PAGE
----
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Monday, November 12, 2012

Europe Gives Greece 2 More Years to Reach Deficit Targets

Brussels, Nov.13, Stock investment .- Euro-area finance ministers gave Greece two extra years to wrestle down its budget deficit, pledging to plug the resulting financing gaps in order to keep the country in the single currency and prevent a renewed flareup of the debt crisis.
Finance ministers granted Greece until 2016 to cut the deficit to 2 percent of gross domestic product. They put off until Nov. 20 a decision on how to cover additional Greek needs of as much as 32.6 billion euros ($41 billion) and left unclear whether the International Monetary Fund will continue to contribute.
Nov. 12 (Bloomberg) -- Luxembourg Prime Minister Jean- Nov. 12 (Bloomberg) -- Luxembourg Prime Minister Jean-Claude Juncker, International Monetary Fund Managing Director Christine Lagarde, European Economic and Monetary Affairs Commissioner Olli Rehn and Klaus Regling, managing director of the European Stability Mechanism, speak at a news conference about the outlook for disbursement of aid to Greece. They speak following a meeting of finance ministers in Brussels. (Source: Europe by Satellite)
In the latest compromise in three years of crisis fighting, creditors led by Germany opted to keep money flowing to Greece instead of risking a default that could lead to the nation’s exit from the euro and stir more turmoil for countries left in it.
“Greece has done a big part of what it was supposed to do, adopted an ambitious reform program and a budget for 2013 that’s impressive,” Luxembourg Prime Minister Jean-Claude Juncker told reporters in Brussels late yesterday after chairing the ministers’ meeting. He said “a certain number of avenues” except the writedown of official loans are being looked at for filling the funding gap.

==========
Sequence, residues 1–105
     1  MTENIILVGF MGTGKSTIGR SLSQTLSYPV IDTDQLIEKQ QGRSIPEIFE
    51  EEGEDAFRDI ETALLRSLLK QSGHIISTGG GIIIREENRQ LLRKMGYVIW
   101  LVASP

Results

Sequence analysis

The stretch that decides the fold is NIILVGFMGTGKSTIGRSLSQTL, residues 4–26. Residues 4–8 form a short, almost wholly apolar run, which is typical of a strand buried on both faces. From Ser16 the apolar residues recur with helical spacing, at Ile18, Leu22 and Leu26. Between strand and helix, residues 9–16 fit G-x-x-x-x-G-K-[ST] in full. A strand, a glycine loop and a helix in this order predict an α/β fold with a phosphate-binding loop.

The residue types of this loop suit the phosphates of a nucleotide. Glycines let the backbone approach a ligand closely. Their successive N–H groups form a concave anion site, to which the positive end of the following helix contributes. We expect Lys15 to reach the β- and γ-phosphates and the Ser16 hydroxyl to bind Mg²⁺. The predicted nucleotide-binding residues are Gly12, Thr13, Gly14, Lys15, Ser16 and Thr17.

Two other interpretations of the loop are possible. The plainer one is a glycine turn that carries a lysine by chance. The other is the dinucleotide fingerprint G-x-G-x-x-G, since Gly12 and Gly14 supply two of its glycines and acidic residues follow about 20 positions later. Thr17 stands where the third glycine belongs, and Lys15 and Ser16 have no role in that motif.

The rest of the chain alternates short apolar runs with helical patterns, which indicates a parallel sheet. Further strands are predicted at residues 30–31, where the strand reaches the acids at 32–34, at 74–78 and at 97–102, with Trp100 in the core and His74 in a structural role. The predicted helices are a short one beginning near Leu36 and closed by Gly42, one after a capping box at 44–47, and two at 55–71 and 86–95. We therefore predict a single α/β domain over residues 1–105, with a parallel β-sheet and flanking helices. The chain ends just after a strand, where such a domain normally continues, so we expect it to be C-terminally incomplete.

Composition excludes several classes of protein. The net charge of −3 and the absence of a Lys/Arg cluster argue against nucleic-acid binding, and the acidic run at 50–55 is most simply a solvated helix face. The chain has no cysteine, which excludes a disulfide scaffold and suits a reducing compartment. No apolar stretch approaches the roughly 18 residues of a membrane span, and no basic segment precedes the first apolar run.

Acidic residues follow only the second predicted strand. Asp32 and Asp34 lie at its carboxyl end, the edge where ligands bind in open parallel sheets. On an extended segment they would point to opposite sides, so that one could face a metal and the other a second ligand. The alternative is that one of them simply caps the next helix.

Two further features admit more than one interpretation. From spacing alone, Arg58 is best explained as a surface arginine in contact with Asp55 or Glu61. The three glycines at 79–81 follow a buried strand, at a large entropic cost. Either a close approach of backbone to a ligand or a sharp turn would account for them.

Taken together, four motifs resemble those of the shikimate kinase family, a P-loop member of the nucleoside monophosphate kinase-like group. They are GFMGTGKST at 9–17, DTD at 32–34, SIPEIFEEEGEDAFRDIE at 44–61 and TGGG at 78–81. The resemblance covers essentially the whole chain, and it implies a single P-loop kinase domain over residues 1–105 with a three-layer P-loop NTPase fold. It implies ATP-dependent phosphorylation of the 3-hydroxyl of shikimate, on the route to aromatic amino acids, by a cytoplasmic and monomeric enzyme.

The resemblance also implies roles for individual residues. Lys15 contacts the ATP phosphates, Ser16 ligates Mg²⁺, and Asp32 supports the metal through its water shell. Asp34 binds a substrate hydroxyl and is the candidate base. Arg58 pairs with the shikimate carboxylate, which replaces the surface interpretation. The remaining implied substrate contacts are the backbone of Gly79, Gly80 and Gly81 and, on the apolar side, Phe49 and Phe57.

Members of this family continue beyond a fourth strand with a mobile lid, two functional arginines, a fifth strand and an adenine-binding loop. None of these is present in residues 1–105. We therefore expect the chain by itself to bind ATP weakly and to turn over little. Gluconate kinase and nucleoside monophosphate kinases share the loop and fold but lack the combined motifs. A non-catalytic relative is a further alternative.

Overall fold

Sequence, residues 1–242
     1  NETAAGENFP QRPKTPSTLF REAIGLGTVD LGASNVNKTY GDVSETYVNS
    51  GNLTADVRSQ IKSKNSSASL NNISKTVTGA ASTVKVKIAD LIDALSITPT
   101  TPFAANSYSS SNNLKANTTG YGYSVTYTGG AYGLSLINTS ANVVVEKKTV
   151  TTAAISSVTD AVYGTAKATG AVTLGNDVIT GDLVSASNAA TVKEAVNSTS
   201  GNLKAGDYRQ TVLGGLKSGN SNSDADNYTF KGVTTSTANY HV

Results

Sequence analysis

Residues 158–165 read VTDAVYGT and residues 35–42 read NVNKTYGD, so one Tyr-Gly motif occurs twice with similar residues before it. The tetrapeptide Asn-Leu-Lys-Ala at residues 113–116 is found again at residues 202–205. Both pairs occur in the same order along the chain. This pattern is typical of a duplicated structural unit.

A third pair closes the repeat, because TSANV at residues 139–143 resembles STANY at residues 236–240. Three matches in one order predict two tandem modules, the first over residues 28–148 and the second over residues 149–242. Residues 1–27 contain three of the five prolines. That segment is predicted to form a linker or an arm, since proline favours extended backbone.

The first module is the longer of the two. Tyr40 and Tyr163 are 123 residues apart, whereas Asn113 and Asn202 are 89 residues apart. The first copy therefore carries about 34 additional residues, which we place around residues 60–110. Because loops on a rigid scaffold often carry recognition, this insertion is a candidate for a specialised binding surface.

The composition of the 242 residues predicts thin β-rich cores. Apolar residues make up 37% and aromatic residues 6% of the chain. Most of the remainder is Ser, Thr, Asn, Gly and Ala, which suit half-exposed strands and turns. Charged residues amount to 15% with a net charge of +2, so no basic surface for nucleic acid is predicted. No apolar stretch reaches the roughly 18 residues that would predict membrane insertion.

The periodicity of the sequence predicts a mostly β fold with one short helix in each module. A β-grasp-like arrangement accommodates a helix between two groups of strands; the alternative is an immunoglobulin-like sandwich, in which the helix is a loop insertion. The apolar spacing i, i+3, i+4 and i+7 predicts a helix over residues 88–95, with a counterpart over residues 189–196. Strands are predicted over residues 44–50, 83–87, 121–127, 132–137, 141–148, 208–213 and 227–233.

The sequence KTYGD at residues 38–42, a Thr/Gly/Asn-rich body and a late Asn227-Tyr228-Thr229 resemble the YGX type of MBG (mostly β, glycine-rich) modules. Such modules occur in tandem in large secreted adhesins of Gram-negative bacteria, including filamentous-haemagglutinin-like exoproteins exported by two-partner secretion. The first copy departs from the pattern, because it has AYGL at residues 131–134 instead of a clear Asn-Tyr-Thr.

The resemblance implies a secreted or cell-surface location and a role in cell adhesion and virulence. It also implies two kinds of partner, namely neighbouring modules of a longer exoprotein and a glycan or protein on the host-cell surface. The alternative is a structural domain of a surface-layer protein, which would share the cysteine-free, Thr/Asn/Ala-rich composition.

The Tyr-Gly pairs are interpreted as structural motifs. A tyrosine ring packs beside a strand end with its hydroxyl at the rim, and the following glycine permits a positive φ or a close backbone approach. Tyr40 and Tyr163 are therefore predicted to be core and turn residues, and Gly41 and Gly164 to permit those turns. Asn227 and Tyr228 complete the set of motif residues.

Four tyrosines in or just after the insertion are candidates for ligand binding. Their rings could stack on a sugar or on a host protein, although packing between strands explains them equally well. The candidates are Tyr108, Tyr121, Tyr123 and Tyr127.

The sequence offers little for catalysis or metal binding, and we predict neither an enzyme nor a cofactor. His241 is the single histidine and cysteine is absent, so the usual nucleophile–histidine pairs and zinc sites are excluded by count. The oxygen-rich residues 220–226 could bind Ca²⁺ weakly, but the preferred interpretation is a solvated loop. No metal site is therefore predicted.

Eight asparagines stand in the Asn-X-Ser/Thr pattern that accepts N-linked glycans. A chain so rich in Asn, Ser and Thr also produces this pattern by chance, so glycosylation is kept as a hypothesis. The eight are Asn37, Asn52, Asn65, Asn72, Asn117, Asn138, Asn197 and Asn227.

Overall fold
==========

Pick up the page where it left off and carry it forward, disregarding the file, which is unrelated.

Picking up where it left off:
‘Sustainable’ Debt

Left unanswered was how the creditor governments will keep Greece afloat without putting up more money themselves, a question that may dog German Chancellor Angela Merkel during her campaign for reelection in late 2013. The role of the IMF, provider of about a third of 148.6 billion euros in loans funnelled to Greece since 2010, also went unsettled.
IMF Managing Director Christine Lagarde took issue with a decision by the euro chiefs to postpone the goal of getting Greece’s debt down to a “sustainable” level of 120 percent of GDP by two years, until 2022.
“Debt sustainability of Greece has to be measured in 2020,” Lagarde said. “We clearly have different views. What matters at the end of the day is the sustainability of the Greek debt.”
The country’s recession-hit and debt-encumbered economy returned to the spotlight just as concerns mount over Spain and Cyprus and at a time when crisis management is clouded by forecasts that the 17-nation currency bloc’s economy will virtually grind to a halt next year.

‘Done Deal’